Phillips wins leadership job tasked with promoting the Democratic ‘brand’ 


WASHINGTON – Rep. Dean Phillips, who has called for a new generation of Democratic leaders, will now be among those younger leaders of his party in the new Congress.

Phillips, D-3rd, was elected vice chair of the Democratic Policy and Communications Committee (DPCC) on Thursday as House Democrats wrapped up two days of leadership elections. In those elections, Rep. Hakeem Jeffries, D-New York, was chosen to lead House Democrats in the next Congress, the first Black lawmaker to lead either party in the House and Senate.

Like Jeffries, who is 38, most of the new Democratic leaders are much younger than the people they will replace when the 118th Congress when gaveled in in January. Those retiring leaders include Speaker of the House Nancy Pelosi, D-Calif., who is 82, and Majority Leader Steny Hoyer, D-Md., who is 83.

Besides pressing for a new generation of Democratic leaders in Congress, Phillips, 53, was the first lawmaker to say he’d prefer President Joe Biden not run for re-election in 2024. Phillips said he wanted a younger, more “dynamic” Democrat be at the top of the ticket.

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The DPCC, which operates out of an unassuming office in the basement of the U.S. Capitol, is tasked with developing the message that would unify House Democrats and draw sharp contrast with the talking points of the GOP. In this Congress, the DPCC adopted “People over Politics” as its mantra.

But Phillips said he wants to shake things up. He said the DPCC has been too focused on developing a message and has not paid enough attention to the Democratic “brand,” and marketing the Democratic Party and its priorities to voters.

“My professional experience has always been studying consumer behavior,” Phillips said.

Elected to Congress in 2018, Phillips is the former CEO of his family’s liquor business, the former co-owner of Talenti gelato and a co-owner of Penny’s Coffee.

Phillips said Democrats develop “very good legislative products” but are “defective” in selling their legislative agenda to the public. He thinks he can fix that.

Rep. Veronica Escobar hugging Rep. Dean Phillips as they learn they have been elected co-chairs of the Democratic Policy and Communications Committee.

MinnPost photo by Ana Radelat

Rep. Veronica Escobar hugging Rep. Dean Phillips as they learn they have been elected co-chairs of the Democratic Policy and Communications Committee.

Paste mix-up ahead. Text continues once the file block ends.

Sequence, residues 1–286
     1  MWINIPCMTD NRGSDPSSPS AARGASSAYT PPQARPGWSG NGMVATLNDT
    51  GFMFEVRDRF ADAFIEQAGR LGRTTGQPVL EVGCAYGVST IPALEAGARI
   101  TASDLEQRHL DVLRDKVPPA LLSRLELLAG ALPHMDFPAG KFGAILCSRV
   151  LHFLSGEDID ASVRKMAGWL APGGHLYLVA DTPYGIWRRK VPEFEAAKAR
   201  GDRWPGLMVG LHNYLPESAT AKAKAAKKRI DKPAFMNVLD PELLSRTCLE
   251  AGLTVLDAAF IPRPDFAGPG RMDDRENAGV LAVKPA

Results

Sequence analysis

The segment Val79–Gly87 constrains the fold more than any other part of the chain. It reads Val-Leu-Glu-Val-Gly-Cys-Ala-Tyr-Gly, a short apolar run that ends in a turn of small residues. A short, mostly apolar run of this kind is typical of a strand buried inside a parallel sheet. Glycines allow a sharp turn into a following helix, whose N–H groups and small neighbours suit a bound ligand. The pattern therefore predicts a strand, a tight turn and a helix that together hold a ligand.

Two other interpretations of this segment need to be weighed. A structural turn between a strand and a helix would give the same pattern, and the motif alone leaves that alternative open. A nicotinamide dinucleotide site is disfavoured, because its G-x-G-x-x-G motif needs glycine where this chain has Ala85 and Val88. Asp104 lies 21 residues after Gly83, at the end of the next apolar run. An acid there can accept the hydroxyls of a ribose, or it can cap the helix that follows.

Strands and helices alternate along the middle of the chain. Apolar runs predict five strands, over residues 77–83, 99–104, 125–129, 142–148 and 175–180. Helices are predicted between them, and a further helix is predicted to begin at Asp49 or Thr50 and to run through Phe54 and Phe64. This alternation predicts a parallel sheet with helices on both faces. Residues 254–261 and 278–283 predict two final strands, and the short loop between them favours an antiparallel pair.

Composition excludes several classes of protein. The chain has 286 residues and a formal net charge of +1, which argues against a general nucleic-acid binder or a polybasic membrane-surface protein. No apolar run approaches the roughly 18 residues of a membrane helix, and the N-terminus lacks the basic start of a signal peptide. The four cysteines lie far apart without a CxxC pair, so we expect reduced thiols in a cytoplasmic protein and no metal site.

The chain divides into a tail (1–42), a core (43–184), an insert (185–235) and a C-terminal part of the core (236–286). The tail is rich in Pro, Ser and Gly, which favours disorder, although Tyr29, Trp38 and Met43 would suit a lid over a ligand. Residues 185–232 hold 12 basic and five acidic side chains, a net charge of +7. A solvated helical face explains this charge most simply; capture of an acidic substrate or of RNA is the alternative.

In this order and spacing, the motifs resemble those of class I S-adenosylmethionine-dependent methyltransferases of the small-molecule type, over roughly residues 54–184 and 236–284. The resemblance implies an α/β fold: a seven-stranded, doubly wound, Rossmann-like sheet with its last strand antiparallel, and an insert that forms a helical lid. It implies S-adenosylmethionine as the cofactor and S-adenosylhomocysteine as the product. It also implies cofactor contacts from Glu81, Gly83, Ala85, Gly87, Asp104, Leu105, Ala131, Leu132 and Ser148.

Seven Democrats ran for three DPCC vice chair positions and Phillips, who received 81 votes, was among the top three vote getters. The other two were Rep. Veronica Escobar, D-Texas, who received 138 votes, and Rep. Lauren Underwood, D-Illinois, who received 135.

Rep. Joe Neguse, D-Colorado, ran unopposed for of DPCC chairman.

Phillips said he campaigned for his new post by visiting the office of every Democratic House member, delivering a tiny succulent plant to everyone and often meeting with staffers instead of lawmakers to make his pitch. He said hearing the concerns and ideas of those staffers is key, and he surveyed as many Democratic congressional staffers as he could.

“It was very insightful,” Phillips said.

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Phillips and the other new Democratic leaders will take their new jobs during a period of transition for the party, which will be fighting to protect two years of legislative victories won under a Democratic president who had control of both chambers in Congress.

Rep. Pete Aguilar, D-California, who serves as vice chair of the House Democratic Caucus, on Thursday congratulated Phillips and the other lawmakers elected DPCC vice chairs.

“Republicans are ramping up an extremist agenda with plans to use their threadbare majority to impose a national abortion ban, slash Medicare benefits and hand out deeply unpopular tax breaks for companies that ship jobs overseas on the backs of the middle class,” Aguilar said. “It’s more important than ever that House Democrats communicate our priorities and our values to the American people – lower costs, better paying jobs and safer communities.”


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